Rod Puppet Item Number: Ib345 from the MOA: University of British Columbia


Corpulent humanoid figure with detachable head (part b), body (part a), and rod (c). Green face with black moustache and sideburns. Black gelung supit urang with sumping but without jamang, gold tipped at crown. Black eyebrows over large open eyes containing red irises, prominent downturned nose, six white teeth, red lips in overbite. Unclothed black upper body, chipping paint reveals gold underlay. Blue and green painted snake around neck. Upper and lower arm pieces joined at elbow and shoulder with string. Upper and lower carved arm ornaments, green with red centres. Wand attached through hand with string, one long sharp fingernail. Skin fold at waist. Beige fabric skirt with brown waist band. Diamond and roundel pattern inside which are red, green, and blue flowers of four petals with a blue circle in each.

History Of Use

Javanese puppetry as an art form probably developed by the 11th century. The three-dimensional wooden wayang golek puppets of western Java appeared during the 16th century. Originally the plays depicted Javanese mythology, but after the Indian conquest of Java the Hindu epics, Ramayana and Mahabharata, were incorporated into the cycles, which comprise about 200 plays. An individual or group hires a dalang (puppet-master) to celebrate important occasions. The performances often last all night and are generally presented in three acts, with vocal and instrumental accompaniment. The individual plays vary widely in detail but usually involve conflict between good and evil. They serve a moral and religious purpose, and more recently, one of political commentary. Each puppet's character is represented by its appearance and placement onstage; protagonists with strong elements of good are placed to the right, antagonists of violent or evil nature to the left. In the Mahabharata epic Bima is the second Pandawa brother, and the most fearsome warrior. The Pandawas are righteous, spiritual and refined; they are in constant conflict with their cousins, the evil Kurawas, over disputed rights of ascendance to the throne of their kingdom. However, the fight can be ambiguous as characters can have both good and evil traits. The cycle of plays spans twelve generations, beginning with the original descendants of the semi-divine Pandawas, to the final battle in which the Kurawas are finally destroyed. Bima is overbearing with self pride and is never subservient, even to the greatest of gods.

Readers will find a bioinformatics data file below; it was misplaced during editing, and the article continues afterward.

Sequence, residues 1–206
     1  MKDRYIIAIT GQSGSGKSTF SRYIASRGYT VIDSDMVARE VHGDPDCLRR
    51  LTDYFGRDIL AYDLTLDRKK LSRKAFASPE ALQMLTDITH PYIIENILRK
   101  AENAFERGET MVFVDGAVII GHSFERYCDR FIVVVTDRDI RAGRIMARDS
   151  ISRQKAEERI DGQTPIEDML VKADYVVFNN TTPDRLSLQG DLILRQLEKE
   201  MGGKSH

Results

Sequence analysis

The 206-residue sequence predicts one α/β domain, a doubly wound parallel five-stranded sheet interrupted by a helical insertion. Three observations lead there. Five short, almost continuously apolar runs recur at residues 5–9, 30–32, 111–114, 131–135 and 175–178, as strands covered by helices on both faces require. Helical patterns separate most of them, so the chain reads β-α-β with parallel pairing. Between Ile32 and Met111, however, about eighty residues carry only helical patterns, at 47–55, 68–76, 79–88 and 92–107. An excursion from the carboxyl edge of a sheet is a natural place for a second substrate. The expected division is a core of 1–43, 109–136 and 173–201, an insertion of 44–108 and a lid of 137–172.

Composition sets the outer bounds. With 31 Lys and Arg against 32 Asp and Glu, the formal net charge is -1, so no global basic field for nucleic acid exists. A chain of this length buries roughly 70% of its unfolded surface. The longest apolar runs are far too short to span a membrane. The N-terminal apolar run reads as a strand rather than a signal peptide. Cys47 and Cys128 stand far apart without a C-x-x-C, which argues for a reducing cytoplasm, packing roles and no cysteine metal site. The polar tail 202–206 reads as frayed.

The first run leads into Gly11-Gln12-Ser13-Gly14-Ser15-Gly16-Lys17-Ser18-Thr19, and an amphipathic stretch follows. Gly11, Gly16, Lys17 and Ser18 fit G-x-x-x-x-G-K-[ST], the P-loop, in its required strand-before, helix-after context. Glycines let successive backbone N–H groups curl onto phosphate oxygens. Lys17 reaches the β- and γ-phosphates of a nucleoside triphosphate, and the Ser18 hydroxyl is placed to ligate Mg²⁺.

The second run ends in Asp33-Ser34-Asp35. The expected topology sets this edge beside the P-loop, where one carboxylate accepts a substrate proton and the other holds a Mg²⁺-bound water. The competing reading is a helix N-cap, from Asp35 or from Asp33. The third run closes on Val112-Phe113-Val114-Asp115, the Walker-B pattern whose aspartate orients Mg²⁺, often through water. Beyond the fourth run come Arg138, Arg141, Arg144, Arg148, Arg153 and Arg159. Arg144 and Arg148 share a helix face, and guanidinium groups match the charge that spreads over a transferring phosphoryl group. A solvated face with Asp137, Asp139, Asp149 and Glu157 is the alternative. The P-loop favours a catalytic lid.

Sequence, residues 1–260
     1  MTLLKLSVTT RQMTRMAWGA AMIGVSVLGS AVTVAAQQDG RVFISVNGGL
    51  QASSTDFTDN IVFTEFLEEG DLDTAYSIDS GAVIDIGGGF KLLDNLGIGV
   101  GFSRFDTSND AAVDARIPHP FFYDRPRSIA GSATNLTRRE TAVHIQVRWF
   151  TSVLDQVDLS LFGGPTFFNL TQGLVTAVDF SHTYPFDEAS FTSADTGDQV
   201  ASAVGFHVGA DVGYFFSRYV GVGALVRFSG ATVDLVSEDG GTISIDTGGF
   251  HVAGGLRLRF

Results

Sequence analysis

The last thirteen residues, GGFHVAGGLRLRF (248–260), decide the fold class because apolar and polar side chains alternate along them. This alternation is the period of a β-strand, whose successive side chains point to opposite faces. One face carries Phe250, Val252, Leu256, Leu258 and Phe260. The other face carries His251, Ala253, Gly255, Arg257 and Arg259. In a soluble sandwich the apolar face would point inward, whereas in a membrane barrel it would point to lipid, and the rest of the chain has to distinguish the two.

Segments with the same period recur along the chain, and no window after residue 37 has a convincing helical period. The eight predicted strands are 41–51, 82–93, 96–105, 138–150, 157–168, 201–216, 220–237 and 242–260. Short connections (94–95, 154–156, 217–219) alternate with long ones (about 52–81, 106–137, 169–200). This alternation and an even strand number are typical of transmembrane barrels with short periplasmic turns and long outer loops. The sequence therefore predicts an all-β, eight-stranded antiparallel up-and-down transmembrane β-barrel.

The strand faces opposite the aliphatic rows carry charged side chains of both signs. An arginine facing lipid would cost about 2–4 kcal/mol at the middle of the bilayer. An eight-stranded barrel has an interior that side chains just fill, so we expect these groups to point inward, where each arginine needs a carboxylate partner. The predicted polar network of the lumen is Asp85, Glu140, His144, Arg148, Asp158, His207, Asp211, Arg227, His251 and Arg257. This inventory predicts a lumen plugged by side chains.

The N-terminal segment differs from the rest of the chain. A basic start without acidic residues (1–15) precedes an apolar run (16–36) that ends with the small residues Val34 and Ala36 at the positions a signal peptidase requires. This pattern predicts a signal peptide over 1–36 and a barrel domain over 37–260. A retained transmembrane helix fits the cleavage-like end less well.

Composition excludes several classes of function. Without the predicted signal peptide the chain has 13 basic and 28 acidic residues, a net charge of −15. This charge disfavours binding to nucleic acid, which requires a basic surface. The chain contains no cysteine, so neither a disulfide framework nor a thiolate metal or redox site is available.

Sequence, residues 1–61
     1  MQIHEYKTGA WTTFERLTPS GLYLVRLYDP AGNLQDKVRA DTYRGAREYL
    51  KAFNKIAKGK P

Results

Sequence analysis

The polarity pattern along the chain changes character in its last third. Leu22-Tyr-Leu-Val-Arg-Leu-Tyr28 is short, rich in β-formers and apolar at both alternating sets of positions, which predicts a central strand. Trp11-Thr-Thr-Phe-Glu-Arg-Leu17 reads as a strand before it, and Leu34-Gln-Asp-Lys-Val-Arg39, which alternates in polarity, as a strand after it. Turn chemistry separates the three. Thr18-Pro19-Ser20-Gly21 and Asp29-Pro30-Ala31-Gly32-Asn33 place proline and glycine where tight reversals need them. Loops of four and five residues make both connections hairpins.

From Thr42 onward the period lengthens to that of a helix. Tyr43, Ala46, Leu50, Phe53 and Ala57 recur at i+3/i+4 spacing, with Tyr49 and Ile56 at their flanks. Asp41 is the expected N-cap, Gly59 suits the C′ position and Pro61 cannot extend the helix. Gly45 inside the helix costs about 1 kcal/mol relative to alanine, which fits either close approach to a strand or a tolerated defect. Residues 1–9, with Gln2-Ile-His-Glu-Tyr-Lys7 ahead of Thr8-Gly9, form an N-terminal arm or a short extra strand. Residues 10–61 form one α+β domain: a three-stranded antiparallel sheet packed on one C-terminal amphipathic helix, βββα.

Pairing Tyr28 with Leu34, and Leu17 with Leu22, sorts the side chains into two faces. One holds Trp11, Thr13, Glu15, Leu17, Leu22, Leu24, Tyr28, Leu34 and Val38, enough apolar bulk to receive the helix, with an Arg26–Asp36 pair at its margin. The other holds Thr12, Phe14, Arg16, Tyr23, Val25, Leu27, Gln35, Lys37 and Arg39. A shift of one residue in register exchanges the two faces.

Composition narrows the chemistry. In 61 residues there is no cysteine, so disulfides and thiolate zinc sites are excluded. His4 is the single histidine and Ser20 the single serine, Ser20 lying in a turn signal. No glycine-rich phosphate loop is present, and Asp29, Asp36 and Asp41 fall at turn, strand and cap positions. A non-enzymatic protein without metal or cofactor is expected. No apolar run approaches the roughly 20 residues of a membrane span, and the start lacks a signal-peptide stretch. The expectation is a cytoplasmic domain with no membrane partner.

Iconographic Meaning

Skin fold indicating corpulence, elaborate headdress with gelung supit urang and sumping but without jamang, large nose and red eyes, forward bending face, snake around neck and long, sharp nail, are all distinguishing characteristics of the warrior knight, Bima. His sharp nail is used as a weapon; his bare chest shows that he is not descended from humans.

Cultural Context

Theatrical performance.